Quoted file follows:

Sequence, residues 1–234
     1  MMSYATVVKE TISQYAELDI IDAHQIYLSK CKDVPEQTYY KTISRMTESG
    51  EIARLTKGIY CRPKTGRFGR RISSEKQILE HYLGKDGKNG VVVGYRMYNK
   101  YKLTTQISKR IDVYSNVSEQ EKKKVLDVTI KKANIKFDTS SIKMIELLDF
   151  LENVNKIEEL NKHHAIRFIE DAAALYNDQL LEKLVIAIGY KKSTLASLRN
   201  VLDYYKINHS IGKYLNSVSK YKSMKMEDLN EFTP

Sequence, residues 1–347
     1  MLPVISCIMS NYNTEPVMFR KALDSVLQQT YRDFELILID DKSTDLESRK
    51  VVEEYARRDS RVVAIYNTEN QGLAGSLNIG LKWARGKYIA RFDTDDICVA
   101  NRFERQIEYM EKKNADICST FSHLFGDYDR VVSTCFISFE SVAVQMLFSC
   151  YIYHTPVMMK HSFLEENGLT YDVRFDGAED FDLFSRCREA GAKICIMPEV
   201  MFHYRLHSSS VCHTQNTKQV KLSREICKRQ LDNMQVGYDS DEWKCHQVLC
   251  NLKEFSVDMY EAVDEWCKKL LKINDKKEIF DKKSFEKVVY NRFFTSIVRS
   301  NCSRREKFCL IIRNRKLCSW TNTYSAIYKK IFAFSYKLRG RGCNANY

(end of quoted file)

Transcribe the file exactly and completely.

Sequence, residues 1–234
     1  MMSYATVVKE TISQYAELDI IDAHQIYLSK CKDVPEQTYY KTISRMTESG
    51  EIARLTKGIY CRPKTGRFGR RISSEKQILE HYLGKDGKNG VVVGYRMYNK
   101  YKLTTQISKR IDVYSNVSEQ EKKKVLDVTI KKANIKFDTS SIKMIELLDF
   151  LENVNKIEEL NKHHAIRFIE DAAALYNDQL LEKLVIAIGY KKSTLASLRN
   201  VLDYYKINHS IGKYLNSVSK YKSMKMEDLN EFTP

Sequence, residues 1–347
     1  MLPVISCIMS NYNTEPVMFR KALDSVLQQT YRDFELILID DKSTDLESRK
    51  VVEEYARRDS RVVAIYNTEN QGLAGSLNIG LKWARGKYIA RFDTDDICVA
   101  NRFERQIEYM EKKNADICST FSHLFGDYDR VVSTCFISFE SVAVQMLFSC
   151  YIYHTPVMMK HSFLEENGLT YDVRFDGAED FDLFSRCREA GAKICIMPEV
   201  MFHYRLHSSS VCHTQNTKQV KLSREICKRQ LDNMQVGYDS DEWKCHQVLC
   251  NLKEFSVDMY EAVDEWCKKL LKINDKKEIF DKKSFEKVVY NRFFTSIVRS
   301  NCSRREKFCL IIRNRKLCSW TNTYSAIYKK IFAFSYKLRG RGCNANY